In his Aug. 7 letter on behalf of the Tivoli by the Sea Association, whose condominium property is located directly across Beach Road from the Saba Sands site, attorney Lobeck wrote, “The increased height and width of the proposed [Saba Sands] structure will obstruct the beach view of members of the Association.”
The existing house at 636 Beach Road is only 40 feet high, Lobeck emphasized. The new structure would be 17 feet taller.
The height of the house was the subject of negotiations with the Tivoli by the Sea Association before the County Commission approved its construction, Lobeck added. The Association’s goal was to “to preserve the view of the beach from the long picture windows of the common room as well as from units. This is supported by Section 1.5 of Resolution 98-312, in which the [commission] made the finding that the [Coastal Setback Variance] represented a substantial reduction in the height of the structure from the original proposal.”
Moreover, Lobeck pointed out that Howard Berna, manager of the county’s Environmental Permitting Division, had noted in the staff report for the Saba Sands CSV petition, “ ‘The Zoning Administrator has confirmed that the proposed height of 35 feet over the minimum required first floor elevation is consistent with Zoning regulations for RMF-1/SKOD zoning district. However, this new construction will change viewsheds of neighboring properties to the east.”
“SKOD” refers to the Siesta Key Overlay District zoning regulations, which apply to the entire barrier island.
“In addition to the increased height,” Lobeck wrote, “the proposed structure will be 7.5 feet wider on both the north and on the south sides compared to the existing structure.”
Further, Lobeck contended, the Saba Sands petition should not be approved, “as it exceeds the density, building setback and lot coverage requirements for residential development in the RMF-1 district for which it is zoned.”
Berna’s staff report says the house standing at 636 Beach Road is about 166 feet seaward of the GBSL. When the previous commission approved the petition for that construction, Berna continued, its members agreed that that “was the minimum variance necessary for reasonable use of the property.”
Berna was referring to state and local regulations regarding private property rights.
In his April 8 narrative, Rees acknowledged on behalf of Saba Sands that the property lies entirely seaward of the GBSL. However, he continued, by approving the 1998 CSV for the house on the site, the County Commission “already determined that strict enforcement of the provisions of the [1979 ordinance that established the GBSL] would impose an unreasonable hardship on the land.”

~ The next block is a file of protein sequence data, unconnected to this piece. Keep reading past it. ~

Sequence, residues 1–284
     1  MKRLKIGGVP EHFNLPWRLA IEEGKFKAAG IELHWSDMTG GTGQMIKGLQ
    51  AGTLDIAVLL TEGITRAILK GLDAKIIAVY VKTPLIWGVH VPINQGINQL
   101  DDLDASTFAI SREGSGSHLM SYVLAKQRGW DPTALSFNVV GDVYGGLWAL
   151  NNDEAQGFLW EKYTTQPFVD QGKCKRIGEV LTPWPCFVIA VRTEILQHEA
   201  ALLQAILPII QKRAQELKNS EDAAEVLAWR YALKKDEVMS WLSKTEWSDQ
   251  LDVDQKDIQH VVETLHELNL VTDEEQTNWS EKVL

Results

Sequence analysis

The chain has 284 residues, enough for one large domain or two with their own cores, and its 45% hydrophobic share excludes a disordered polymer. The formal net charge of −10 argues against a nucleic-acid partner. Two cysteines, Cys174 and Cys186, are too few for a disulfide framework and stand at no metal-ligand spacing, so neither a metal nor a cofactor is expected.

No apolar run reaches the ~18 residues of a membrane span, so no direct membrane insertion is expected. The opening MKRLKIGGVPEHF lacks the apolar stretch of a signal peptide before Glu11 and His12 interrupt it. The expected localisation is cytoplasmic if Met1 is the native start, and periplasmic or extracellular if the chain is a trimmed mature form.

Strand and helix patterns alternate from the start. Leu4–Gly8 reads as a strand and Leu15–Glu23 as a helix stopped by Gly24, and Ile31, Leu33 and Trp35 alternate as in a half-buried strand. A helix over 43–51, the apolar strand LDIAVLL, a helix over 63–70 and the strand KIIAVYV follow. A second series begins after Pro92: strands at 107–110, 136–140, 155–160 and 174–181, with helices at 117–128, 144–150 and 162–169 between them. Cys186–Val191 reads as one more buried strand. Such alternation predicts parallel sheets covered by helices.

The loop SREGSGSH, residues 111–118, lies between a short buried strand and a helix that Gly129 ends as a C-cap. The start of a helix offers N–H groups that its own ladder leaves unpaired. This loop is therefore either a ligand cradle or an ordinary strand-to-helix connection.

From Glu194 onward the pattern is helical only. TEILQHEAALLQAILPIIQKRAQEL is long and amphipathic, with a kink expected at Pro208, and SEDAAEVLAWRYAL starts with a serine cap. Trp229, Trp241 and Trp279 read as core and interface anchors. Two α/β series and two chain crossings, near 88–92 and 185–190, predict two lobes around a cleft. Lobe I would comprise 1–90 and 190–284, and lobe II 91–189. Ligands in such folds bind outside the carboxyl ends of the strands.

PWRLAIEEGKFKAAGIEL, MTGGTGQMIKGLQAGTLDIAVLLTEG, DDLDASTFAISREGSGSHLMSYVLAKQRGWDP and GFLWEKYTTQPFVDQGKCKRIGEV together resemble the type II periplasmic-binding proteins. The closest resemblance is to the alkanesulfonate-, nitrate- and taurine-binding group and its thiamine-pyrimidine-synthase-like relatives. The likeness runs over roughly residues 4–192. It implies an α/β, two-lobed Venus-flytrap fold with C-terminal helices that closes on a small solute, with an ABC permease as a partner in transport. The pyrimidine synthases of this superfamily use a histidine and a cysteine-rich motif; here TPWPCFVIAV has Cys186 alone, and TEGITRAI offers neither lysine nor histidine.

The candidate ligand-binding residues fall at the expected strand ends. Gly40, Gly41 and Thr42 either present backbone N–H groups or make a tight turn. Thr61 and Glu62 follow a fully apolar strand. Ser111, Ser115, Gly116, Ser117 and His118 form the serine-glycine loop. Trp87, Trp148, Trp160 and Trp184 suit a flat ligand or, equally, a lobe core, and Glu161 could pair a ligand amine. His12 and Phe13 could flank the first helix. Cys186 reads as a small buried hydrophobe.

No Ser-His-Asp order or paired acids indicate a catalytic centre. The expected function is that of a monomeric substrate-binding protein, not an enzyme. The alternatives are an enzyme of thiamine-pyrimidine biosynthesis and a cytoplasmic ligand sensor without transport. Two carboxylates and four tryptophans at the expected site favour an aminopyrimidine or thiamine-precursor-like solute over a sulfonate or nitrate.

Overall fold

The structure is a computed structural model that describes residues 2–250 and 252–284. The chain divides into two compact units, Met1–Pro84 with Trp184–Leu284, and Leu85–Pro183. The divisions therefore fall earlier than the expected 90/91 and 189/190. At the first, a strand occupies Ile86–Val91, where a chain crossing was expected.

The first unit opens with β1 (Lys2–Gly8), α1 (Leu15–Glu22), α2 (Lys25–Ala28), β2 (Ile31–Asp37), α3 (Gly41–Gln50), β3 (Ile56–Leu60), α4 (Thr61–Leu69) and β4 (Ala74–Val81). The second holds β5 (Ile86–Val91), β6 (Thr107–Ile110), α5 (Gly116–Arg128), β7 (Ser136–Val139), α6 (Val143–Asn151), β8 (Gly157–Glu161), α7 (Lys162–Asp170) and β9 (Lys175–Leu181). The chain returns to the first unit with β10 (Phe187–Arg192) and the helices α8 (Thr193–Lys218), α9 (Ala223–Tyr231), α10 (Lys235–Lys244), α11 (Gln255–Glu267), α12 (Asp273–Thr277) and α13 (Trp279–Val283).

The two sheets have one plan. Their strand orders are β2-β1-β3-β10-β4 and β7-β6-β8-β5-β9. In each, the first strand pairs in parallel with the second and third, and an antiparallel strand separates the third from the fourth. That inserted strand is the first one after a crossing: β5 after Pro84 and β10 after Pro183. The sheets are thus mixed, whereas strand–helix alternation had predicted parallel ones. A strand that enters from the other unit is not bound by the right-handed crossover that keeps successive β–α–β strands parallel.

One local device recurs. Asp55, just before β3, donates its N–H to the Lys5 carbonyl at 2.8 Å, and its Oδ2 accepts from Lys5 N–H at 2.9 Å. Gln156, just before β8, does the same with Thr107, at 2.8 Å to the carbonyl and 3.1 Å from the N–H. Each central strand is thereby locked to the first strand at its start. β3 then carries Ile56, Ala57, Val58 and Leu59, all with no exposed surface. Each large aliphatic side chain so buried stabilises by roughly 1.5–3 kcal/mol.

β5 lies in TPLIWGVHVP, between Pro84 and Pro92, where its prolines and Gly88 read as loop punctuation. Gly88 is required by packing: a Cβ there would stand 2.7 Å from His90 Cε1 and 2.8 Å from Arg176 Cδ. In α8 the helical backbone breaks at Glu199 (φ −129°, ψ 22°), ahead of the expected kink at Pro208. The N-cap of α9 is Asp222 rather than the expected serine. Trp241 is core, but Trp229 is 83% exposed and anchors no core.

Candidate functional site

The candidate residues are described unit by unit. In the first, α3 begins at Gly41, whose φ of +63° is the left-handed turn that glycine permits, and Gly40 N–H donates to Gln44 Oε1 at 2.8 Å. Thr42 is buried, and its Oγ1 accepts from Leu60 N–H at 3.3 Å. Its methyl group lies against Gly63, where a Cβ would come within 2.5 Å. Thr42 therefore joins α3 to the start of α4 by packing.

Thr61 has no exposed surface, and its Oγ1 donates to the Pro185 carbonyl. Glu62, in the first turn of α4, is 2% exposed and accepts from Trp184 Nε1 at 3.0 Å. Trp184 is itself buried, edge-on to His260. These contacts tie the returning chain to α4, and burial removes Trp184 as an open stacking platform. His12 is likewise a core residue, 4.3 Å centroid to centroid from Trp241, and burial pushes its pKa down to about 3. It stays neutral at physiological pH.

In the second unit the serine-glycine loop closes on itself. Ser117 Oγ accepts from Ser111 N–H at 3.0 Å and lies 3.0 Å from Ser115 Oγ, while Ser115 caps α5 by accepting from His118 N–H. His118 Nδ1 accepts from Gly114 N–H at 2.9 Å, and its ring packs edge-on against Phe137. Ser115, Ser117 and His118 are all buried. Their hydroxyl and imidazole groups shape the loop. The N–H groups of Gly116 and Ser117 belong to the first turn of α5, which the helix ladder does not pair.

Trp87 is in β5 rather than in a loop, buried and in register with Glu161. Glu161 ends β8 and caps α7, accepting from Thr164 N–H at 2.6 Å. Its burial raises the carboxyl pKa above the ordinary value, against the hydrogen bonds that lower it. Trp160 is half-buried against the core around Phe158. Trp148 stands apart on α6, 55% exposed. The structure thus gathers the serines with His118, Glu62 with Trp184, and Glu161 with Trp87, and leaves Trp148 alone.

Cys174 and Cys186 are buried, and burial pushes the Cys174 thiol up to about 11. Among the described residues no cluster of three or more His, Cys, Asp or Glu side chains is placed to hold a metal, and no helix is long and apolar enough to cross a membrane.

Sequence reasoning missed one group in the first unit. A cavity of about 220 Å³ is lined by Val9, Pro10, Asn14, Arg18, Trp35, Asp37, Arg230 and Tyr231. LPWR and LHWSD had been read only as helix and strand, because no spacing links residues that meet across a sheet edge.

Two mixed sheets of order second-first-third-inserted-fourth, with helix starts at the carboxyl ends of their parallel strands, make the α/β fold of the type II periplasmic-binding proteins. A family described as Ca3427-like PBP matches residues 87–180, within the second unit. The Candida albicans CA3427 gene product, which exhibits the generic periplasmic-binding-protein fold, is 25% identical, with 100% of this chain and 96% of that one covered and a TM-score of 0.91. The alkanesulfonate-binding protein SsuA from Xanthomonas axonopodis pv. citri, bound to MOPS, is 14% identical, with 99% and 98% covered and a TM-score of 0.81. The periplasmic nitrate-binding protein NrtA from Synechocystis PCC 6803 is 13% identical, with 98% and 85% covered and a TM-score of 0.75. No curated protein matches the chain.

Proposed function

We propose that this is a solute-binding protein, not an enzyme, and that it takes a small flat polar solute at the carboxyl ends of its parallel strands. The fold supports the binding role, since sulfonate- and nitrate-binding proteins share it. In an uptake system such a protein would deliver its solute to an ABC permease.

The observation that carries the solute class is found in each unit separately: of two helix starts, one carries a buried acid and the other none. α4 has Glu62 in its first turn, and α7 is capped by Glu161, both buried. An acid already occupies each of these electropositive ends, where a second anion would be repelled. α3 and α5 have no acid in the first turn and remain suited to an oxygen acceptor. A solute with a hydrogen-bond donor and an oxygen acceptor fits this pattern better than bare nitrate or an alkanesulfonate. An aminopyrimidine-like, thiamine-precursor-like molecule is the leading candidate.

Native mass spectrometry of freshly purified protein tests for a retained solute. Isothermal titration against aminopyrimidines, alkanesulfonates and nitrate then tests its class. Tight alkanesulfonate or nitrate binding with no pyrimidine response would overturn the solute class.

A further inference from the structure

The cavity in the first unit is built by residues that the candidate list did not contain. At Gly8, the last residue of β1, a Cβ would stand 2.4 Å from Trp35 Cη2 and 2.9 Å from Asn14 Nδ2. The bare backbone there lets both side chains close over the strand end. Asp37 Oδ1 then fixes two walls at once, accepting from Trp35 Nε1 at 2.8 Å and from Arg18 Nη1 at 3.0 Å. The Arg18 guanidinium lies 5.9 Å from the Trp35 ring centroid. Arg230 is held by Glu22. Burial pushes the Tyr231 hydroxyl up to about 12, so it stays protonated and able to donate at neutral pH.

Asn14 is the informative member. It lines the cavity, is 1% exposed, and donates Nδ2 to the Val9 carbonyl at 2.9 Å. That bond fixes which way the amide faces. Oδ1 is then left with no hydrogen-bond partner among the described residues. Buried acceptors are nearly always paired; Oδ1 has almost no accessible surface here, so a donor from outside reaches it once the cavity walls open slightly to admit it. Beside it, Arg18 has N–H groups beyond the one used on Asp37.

The proposal also calls for a pool, a pool deck, a driveway, brick paver walkways and privacy walls, Berna pointed out. Altogether, he added, the plans would increase the amount of impervious ground coverage by 3,490 square feet.
Another opponent, Anita Nevyas-Wallace of 625 Beach Road, sent an email to the county commissioners on Aug. 14, noting, “I have a commitment to and interest in our lovely beach …” Among her points, she wrote, “I already am familiar with flooding of the path [from the existing house] to the beach after heavy rains. There are areas that flood and stay flooded for days! Pouring more cement can be expected to exacerbate this situation.”
Further, she told the commissioners, “Water levels changing must affect local protected species including the snowy plover and the sea turtles. Changes in beach ecology affect people, too.”
Another opponent, Dr. Adam Diliberto, wrote that he owns the property at 641 Beach Road. The Saba Sands proposal, if approved, Diliberto noted, would affect the views of the beach from his parcel.
“When searching for a place to purchase a beach house,” he pointed out, “I was immediately drawn to Siesta Key, FL. My deciding factor was its quiet, non-commercial, small town feel.” Although he practices as an endodontist in Swansea, Ill., he noted, he plans to retire eventually to his Siesta Key home.
Another letter, dated July 20, came from Lee Amos, land steward of the Conservation Foundation of the Gulf Coast, which owns the property adjoining the parcel at 636 Beach Road.
“I am familiar with the coastal wildlife and preserve management, and am concerned that the proposed increase in land use may negatively affect wildlife and vegetation on our property and the wider area,” Amos continued.
“Conservation Foundation urges you to consider these potential impacts while evaluating the requested variance.”